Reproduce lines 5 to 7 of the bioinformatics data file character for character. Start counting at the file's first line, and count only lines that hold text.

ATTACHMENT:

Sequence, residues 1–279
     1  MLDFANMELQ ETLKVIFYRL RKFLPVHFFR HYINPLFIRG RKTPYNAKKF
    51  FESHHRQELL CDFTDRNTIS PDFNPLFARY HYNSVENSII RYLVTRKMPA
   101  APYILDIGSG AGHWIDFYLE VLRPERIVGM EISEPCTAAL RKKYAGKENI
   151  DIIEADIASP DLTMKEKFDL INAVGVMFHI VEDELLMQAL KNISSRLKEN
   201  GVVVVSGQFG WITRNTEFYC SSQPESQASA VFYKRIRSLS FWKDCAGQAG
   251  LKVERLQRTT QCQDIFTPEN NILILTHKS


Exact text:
   151  DIIEADIASP DLTMKEKFDL INAVGVMFHI VEDELLMQAL KNISSRLKEN
   201  GVVVVSGQFG WITRNTEFYC SSQPESQASA VFYKRIRSLS FWKDCAGQAG
   251  LKVERLQRTT QCQDIFTPEN NILILTHKS